The disorder of this week began at the weekend in Tottenham in North London following the police shooting of a young man suspected of involvement in gun crime. When an incident like this takes place, it is standard procedure for the Independent Police Complaints Commission (IPCC) to investigate. That investigation is ongoing and I make no further comment on it here.
The rioting that followed caused a huge amount of damage in Tottenham including people being burnt out of their homes. It was condemned by local people and the local MP. In the following nights we saw the spread of arson, looting and vandalism first to other parts of London and then to other cities in the UK including Wolverhampton.
On Tuesday afternoon and evening there were a number of incidents in Wolverhampton including broken windows in Currys and PC World in St John’s Retail Park (though the looters did not gain access to those shops), damage and theft from House of Fraser, Marks and Spencer, Foot Locker and a number of small retailers including the Simantek computer shop in Broad St which was completely looted and ransacked. One shop in Dudley Road was robbed and one shop in Bilston had its window smashed.
This damage is completely inexcusable. It does nothing but harm to our city and those responsible should be caught, charged and punished. I took a walk round the city centre on Tuesday evening and I am convinced that had there not been a heavy police presence the damage could have been even worse. I want to pay tribute to the hard work and courage of the police officers who were trying to keep the city safe on Tuesday night.
Tuesday also saw the tragic and senseless deaths of three young men in Birmingham trying to protect their community from the lawlessness that had broken out. The whole country was struck by the dignity of the father of one young man, Tariq Jahan, who in the midst of his heartbreak issued a call for no retribution or further violence.
On Wednesday we saw the best of Wolverhampton and in particular the city’s young people when many turned out to help in the clean up effort. I also want to thank the city council for doing such a good job of cleaning up the damage in the early hours of Wednesday morning.
I spent Wednesday, accompanied by local councillors and the police, speaking to worried traders in Dudley Road and Bilston who feared more damage and who were planning to close early. I was struck by the fear that replaces freedom when order breaks down. It is wrong that decent people flee our shopping areas and city centres around 5pm and that traders have to close early.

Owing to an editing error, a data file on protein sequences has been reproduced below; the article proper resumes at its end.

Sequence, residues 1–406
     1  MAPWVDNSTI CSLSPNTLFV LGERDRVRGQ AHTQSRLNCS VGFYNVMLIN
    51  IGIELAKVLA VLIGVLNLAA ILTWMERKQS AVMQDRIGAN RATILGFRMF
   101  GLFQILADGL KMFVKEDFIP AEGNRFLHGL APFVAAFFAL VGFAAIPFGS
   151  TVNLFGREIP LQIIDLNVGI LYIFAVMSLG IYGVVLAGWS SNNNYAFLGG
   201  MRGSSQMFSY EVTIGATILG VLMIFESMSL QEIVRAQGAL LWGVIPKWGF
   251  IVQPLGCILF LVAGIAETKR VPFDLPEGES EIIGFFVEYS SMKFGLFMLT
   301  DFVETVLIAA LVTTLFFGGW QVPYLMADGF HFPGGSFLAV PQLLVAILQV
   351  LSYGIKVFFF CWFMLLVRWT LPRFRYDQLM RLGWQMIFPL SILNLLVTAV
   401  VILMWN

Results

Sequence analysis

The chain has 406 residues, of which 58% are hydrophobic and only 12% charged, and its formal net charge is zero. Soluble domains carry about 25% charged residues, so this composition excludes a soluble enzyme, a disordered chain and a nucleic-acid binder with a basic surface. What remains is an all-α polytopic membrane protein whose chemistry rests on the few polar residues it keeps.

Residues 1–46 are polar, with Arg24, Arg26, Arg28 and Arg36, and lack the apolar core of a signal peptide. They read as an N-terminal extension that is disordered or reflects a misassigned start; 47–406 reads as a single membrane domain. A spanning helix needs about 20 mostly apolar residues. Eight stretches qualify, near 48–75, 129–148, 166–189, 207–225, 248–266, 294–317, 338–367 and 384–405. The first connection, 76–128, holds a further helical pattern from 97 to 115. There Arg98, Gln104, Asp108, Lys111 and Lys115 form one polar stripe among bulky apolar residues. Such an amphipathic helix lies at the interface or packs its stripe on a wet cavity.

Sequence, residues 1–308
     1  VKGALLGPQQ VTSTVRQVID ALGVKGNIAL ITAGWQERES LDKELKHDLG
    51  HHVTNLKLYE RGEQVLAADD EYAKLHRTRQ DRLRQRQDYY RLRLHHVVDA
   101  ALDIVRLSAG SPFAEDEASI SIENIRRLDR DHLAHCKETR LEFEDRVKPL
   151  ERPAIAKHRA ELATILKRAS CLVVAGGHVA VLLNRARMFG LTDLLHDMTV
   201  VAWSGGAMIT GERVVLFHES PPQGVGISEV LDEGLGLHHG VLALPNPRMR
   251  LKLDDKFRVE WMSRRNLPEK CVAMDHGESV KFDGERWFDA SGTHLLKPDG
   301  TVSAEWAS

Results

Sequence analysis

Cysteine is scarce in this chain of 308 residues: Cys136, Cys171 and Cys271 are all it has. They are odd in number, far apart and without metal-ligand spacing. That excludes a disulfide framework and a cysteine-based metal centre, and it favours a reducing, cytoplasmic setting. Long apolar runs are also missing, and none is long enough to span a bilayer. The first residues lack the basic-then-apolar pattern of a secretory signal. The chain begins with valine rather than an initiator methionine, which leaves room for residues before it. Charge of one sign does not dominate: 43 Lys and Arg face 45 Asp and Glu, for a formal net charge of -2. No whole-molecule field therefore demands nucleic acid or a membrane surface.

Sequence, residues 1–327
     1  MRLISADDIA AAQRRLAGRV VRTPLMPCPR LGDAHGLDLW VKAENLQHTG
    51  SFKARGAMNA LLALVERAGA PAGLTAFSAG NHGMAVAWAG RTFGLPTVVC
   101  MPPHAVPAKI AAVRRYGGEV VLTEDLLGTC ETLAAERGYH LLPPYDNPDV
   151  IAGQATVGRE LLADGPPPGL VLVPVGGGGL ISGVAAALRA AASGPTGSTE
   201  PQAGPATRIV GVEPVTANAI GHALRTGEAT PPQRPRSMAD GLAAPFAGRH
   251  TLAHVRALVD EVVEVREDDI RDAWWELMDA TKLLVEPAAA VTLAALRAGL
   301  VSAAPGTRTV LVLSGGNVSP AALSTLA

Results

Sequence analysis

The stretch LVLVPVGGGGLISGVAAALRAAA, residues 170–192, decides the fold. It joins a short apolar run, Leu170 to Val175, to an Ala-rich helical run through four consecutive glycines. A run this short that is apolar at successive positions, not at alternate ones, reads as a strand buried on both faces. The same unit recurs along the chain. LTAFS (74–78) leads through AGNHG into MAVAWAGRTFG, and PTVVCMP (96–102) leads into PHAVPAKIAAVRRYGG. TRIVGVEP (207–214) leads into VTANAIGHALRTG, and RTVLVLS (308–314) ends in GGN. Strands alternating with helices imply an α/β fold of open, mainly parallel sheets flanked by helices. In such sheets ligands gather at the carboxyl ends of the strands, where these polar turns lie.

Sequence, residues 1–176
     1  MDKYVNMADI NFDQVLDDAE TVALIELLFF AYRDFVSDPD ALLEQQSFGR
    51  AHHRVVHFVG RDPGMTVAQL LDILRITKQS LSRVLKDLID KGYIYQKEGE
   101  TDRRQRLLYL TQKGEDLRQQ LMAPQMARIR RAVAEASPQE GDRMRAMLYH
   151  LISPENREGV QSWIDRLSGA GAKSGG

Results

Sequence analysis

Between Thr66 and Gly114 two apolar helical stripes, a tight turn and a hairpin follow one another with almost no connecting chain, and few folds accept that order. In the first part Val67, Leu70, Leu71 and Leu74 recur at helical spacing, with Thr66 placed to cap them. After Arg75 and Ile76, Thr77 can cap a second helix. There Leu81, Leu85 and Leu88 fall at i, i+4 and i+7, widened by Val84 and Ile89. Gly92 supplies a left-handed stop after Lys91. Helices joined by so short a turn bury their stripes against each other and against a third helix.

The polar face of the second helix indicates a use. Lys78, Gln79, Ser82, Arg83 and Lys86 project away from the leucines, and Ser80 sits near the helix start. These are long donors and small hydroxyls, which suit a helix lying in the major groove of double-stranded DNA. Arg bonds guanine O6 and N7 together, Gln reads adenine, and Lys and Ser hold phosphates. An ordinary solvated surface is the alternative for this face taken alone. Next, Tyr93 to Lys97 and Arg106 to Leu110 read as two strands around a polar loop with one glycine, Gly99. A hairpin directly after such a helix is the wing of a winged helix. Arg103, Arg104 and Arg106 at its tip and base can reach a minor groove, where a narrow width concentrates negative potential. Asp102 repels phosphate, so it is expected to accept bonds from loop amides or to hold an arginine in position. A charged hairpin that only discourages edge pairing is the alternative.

On Wednesday afternoon I met with the Prime Minister and local retailers affected. I stressed to the Prime Minister that order must be restored and we must make our cities safe for law abiding people. It was heart rending to hear the stories of hard working retailers who have spent years building up business to see them trashed by wanton vandalism and theft.
On Wednesday night there was an even bigger police presence and, apart from one or two incidents, the night passed off peacefully both here and elsewhere in England.
On Thursday Parliament reassembled and the Prime Minister announced help for small businesses affected including compensation under the Riot Act, even for businesses which are uninsured. I hope this help is made available easily with the minimum of red tape. Businesses have 42 days to apply.
I spoke in the Commons of what happens when order breaks down – liberty is destroyed and replaced by fear. I asked the Prime Minister to help the decent majority by enabling communities to have access to CCTV (which the Government plans to make more restrictive) and by reconsidering plans to cut police budgets by 20%. Politicians have been united in condemning the violence this week but I believe that in the wake of what we have seen it is legitimate for the Opposition to raise questions of police budgets and police numbers. Numbers make a difference. We all saw that this week.
Wolverhampton is open for business and there has been a real determination this week not to be defeated by what happened. It was a dangerous moment for our city but I believe that decency will prevail.
I hope you have found this update useful.
Posted on 12 August 2011.